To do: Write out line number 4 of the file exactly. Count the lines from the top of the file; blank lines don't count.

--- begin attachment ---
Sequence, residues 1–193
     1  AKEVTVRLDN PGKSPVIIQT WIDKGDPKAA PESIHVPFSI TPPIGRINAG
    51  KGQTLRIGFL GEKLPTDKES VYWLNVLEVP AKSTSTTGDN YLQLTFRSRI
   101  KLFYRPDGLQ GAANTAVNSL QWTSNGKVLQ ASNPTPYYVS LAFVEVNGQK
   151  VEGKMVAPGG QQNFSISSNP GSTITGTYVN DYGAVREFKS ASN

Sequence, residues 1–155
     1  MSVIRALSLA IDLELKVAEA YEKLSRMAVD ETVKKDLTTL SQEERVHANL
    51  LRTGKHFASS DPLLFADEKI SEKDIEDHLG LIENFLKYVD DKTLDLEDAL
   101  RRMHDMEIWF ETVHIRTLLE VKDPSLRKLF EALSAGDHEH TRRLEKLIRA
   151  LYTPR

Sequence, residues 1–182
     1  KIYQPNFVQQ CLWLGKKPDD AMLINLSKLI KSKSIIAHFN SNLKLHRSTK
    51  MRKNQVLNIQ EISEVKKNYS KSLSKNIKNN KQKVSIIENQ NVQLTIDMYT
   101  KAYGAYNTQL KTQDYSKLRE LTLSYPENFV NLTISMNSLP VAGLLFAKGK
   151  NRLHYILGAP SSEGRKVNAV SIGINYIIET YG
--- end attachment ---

   101  KLFYRPDGLQ GAANTAVNSL QWTSNGKVLQ ASNPTPYYVS LAFVEVNGQK